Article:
- Stress Management is figuring out how to become calm and balanced when situations get stressful. Practicing mindfulness helps a kid to calm down as they become more aware of their moods and thoughts. Ask them to take a moment to refocus their attention internally and breathe. Balance comes through self-regulation. Rather than manage your kid’s response, allow them to come up with their own process.
- Their attachment to you, (the third foundational building block) gives them the sense of security they need to consider their options.
Kids begin developing these habits in early childhood. They can be nurtured at home and in the classroom as the base of the pyramid of the other habits of success.
There are plenty of ways you can support your kid as they learn to handle all the big emotions, including fear. Ultimately, their response is both a shift in how they think and what they do.
Here’s how you can help
Sometimes your very presence is all a kid needs to calm their fear. Use the time together to develop an emotional response plan with the Emotional Response Strategies List from Turnaround for Children. It’s a way for your kid to think about how they feel. Emotions don’t just happen; they’re responses we can control. By working together to plan strategies for dealing with hard emotions, you’re helping your kid self-regulate their behavior.
- Reflect on why they feel fear.
- Brainstorm different responses for next time.
- Confirm how you will support them if they feel overwhelmed and can’t handle the fear on their own.
Acknowledge their fear
Even if there’s no boogeyman in the closet, your kid’s afraid there is and that science test your middle-schooler is facing feels daunting. Accept that they’re scared. Don’t downplay it; instead, ask your kid to suggest a plan to address the fear. Maybe they’d like you to open the closet door together to check if anyone is inside or for your older kid, they might ask you to quiz them on the facts to prepare for the test.
In the case of a real threat, like a fire, take action first, but then explain to your kid all that’s being done to protect them. They’ll notice that you’re afraid, too. Admit it. If you don’t, they’ll know you’re lying and that will make them more fearful.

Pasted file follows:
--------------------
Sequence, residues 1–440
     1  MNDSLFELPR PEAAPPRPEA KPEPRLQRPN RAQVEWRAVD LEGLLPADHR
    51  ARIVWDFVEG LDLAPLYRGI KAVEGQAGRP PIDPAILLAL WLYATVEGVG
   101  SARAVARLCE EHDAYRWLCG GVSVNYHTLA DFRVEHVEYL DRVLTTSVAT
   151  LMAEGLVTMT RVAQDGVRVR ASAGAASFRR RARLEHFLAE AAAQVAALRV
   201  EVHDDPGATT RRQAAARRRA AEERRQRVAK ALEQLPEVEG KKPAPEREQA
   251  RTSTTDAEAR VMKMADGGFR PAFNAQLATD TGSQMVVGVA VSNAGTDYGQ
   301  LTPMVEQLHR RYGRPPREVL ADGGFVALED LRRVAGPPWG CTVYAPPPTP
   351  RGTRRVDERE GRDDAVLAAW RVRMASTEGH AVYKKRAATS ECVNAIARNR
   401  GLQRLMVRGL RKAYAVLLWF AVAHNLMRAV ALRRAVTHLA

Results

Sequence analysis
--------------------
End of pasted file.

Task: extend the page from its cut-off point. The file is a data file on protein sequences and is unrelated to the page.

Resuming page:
There are some graphic images of brutality on the evening news right now. If the TV’s on, limit how much time your kid is watching, but take a few minutes to discuss what they see. Help your kid understand the impact of systemic racism that’s woven into the fabric of our lives. This is an important conversation we should have frequently, challenging as it may be. Because it involves danger and personal safety this is one time fear can drive action in empowering a response to the crisis situation.
Encourage brave behavior
It may be easy to develop confidence in the preschooler who’s afraid to sleep in their room. Don’t push them out of yours. Put their mattress on your floor and over the next few nights, move it a little further away until it’s back in their room. Each morning praise them for being brave.
If fear is stopping the high school kid from auditioning for the school play, help them set small goals like practicing in front of their mirror, then in front of you, and finally at the audition. These minor steps lead to big action and brave behavior.
Ask the right questions
Even if a kid knows what they’re afraid of, they may not know how to tell you. Ask questions to get to the root of their fear. If they say they’re afraid of the neighbor’s dog, ask why? If they’re not sure or don’t answer, give them a few options: because it’s big, it’s loud, it jumps? As you continue the conversation, you’ll come to a better understanding of exactly what your kid is scared of and can help them come up with a plan to work through the fear.
With lots of uncertainty ahead and some very real concerns, we’re all coping with some fear. As we help our kids address theirs, let’s practice some brave behavior of our own.